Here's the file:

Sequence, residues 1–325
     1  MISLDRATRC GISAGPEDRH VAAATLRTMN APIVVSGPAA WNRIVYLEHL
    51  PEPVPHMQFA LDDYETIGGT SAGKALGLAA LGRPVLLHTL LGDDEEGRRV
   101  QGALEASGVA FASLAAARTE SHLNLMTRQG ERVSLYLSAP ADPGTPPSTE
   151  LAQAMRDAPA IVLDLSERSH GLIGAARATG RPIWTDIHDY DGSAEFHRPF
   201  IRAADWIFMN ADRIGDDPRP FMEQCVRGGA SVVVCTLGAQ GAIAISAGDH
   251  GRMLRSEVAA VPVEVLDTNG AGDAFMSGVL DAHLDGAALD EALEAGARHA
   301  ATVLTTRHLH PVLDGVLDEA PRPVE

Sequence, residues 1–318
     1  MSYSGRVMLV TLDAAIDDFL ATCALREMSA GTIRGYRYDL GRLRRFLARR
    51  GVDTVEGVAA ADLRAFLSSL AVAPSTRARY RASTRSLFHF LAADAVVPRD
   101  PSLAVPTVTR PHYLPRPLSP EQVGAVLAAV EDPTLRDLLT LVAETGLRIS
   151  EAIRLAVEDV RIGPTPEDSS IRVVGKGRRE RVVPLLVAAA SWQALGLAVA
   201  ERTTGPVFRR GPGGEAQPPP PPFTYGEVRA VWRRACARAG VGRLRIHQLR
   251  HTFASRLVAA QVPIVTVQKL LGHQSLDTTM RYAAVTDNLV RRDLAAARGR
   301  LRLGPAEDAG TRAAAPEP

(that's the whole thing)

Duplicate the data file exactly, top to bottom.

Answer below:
Sequence, residues 1–325
     1  MISLDRATRC GISAGPEDRH VAAATLRTMN APIVVSGPAA WNRIVYLEHL
    51  PEPVPHMQFA LDDYETIGGT SAGKALGLAA LGRPVLLHTL LGDDEEGRRV
   101  QGALEASGVA FASLAAARTE SHLNLMTRQG ERVSLYLSAP ADPGTPPSTE
   151  LAQAMRDAPA IVLDLSERSH GLIGAARATG RPIWTDIHDY DGSAEFHRPF
   201  IRAADWIFMN ADRIGDDPRP FMEQCVRGGA SVVVCTLGAQ GAIAISAGDH
   251  GRMLRSEVAA VPVEVLDTNG AGDAFMSGVL DAHLDGAALD EALEAGARHA
   301  ATVLTTRHLH PVLDGVLDEA PRPVE

Sequence, residues 1–318
     1  MSYSGRVMLV TLDAAIDDFL ATCALREMSA GTIRGYRYDL GRLRRFLARR
    51  GVDTVEGVAA ADLRAFLSSL AVAPSTRARY RASTRSLFHF LAADAVVPRD
   101  PSLAVPTVTR PHYLPRPLSP EQVGAVLAAV EDPTLRDLLT LVAETGLRIS
   151  EAIRLAVEDV RIGPTPEDSS IRVVGKGRRE RVVPLLVAAA SWQALGLAVA
   201  ERTTGPVFRR GPGGEAQPPP PPFTYGEVRA VWRRACARAG VGRLRIHQLR
   251  HTFASRLVAA QVPIVTVQKL LGHQSLDTTM RYAAVTDNLV RRDLAAARGR
   301  LRLGPAEDAG TRAAAPEP